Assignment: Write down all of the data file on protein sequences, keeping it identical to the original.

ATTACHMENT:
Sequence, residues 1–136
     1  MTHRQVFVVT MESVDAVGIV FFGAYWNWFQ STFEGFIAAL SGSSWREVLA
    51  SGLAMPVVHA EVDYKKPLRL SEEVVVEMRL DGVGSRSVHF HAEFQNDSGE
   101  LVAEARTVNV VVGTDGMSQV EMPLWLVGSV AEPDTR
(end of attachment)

Sequence, residues 1–136
     1  MTHRQVFVVT MESVDAVGIV FFGAYWNWFQ STFEGFIAAL SGSSWREVLA
    51  SGLAMPVVHA EVDYKKPLRL SEEVVVEMRL DGVGSRSVHF HAEFQNDSGE
   101  LVAEARTVNV VVGTDGMSQV EMPLWLVGSV AEPDTR